• "For starters, there is no real difference between "stacking the deck by assuming that God doesn't exist" or stacking the deck by assuming that God does exist"."

          Well, of course there is a difference, but the question is whether it's meaningful in regards to a particular issue. I agree that if the goal is to prove whether God exists, then both assumptions are fallacious examples of begging the question.

          "Most of the philosophical or logical arguments presented on this website have started with the basic premise that God exists, and sure enough, after all their gyrations, they get there."

          It's clear you haven't read much on this site then. Simply clicking the "Existence of God" category at the top of any page would reveal that we have dozens of articles on this question and none of them presume God exists before attempting to prove that fact.

          "Secondly, no atheist believes that the world is "meaningless, unguided" because there is no God. Meaning and guidance are generated by us ourselves, for good or ill."

          Many atheists do believe the world is completely meaningless, and unguided. This is known as nihilism and I know several people who hold that belief.

          But to be more clear, I should have said "objectively meaningless and unguided." Obviously anyone can invent their own meaning, for good of for ill, but that meaning is ultimately illusory. It may help an atheist find something worthwhile to live for, but it's indistinguishable from the "wish-fulfillment" fantasies that some atheists accuse Christians of harboring.

          • Raymond

            I agree that my statement that "NO" atheists believe this is overstated. However, the statement "Obviously anyone can invent their own meaning, for good of for ill, but that meaning is ultimately illusory. It may help an atheist find something worthwhile to live for, but it's indistinguishable from the "wish-fulfillment" fantasies that some atheists accuse Christians of harboring." Is itself a wish-fulfillment fantasy. To think that a supernatural being provides objective truth or morality is the illusion. To look at the world and say "I think THIS is good and THAT is bad, and I value the good and reject the bad" is the only "objective" morality we have. By "objective" I mean that we use our senses and our reason to obtain our notions of reality, not the "subjective" illusion of supernatural agency.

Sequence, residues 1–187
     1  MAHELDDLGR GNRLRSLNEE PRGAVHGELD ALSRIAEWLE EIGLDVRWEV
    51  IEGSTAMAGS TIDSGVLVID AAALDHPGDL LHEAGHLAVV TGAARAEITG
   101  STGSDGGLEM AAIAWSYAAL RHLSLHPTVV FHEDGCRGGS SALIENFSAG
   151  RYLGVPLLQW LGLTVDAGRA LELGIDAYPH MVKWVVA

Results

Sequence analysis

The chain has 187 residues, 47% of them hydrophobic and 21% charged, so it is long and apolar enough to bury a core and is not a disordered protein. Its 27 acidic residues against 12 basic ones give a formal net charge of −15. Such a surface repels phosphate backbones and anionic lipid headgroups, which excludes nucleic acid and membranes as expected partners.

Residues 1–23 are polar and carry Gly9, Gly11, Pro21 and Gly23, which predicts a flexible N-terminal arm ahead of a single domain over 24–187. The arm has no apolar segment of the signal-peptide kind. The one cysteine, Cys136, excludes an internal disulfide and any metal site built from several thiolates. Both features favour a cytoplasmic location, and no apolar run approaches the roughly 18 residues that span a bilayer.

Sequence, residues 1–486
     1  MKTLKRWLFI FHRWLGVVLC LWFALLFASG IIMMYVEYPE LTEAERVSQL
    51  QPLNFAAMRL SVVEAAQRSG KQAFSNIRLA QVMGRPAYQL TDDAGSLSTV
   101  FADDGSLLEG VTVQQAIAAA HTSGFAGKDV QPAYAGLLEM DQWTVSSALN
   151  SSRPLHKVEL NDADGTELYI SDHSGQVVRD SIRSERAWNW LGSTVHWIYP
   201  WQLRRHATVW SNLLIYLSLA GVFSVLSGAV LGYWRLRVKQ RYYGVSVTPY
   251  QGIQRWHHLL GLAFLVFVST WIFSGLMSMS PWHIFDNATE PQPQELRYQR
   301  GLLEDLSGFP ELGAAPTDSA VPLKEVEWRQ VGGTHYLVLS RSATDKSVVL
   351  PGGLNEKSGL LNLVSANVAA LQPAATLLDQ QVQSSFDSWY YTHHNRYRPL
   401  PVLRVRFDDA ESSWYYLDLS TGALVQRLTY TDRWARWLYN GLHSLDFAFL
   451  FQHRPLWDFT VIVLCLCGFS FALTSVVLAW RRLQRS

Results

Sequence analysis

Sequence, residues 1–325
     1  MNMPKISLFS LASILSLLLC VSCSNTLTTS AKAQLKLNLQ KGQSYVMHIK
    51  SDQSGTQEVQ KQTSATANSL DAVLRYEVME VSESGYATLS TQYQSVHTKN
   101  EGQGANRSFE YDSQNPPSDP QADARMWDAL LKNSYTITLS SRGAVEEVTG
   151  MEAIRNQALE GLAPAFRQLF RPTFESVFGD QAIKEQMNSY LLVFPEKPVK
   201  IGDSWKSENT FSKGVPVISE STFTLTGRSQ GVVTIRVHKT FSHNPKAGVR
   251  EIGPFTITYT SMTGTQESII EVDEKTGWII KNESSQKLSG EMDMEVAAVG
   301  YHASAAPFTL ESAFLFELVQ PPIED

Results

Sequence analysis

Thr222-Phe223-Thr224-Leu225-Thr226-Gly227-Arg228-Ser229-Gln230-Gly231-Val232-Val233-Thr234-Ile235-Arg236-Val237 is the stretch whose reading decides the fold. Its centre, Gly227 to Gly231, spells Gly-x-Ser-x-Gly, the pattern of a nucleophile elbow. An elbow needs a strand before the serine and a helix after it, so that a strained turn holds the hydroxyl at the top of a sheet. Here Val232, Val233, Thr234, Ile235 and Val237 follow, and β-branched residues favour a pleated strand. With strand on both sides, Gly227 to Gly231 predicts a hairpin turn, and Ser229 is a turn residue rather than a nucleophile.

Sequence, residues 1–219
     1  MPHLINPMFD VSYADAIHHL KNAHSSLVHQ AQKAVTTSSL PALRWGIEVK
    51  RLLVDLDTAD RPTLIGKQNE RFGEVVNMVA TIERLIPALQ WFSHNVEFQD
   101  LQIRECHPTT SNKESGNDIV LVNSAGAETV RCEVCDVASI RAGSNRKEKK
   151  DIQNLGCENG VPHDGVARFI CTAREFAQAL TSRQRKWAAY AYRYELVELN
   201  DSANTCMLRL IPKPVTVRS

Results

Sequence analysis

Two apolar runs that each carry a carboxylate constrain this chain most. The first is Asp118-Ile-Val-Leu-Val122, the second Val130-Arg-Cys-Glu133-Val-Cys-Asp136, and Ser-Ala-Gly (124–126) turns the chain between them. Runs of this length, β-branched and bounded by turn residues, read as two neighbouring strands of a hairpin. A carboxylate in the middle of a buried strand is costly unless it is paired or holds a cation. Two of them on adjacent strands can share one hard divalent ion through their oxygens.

And I realize that I am using "objective" and "subjective" differently that they are typically used in this context. But I believe my usage is more accurate.

      • Mike

        "you might consider writing an article yourself defending what you see as the strongest arguments for atheism"

        YES!

        Like i keep pointing out: it's easier to edit a book than to write one yourself.

      • Doug Shaver

        I've extended this invitation several times and neither you nor any other atheist commenters have accepted it. It's one thing to sit and complain in the comment boxes. But if you think there are strong arguments for atheism, why not share them with us in an article?

        Please email any posts to contact@strangenotions.com and I promise we'll share them on this site.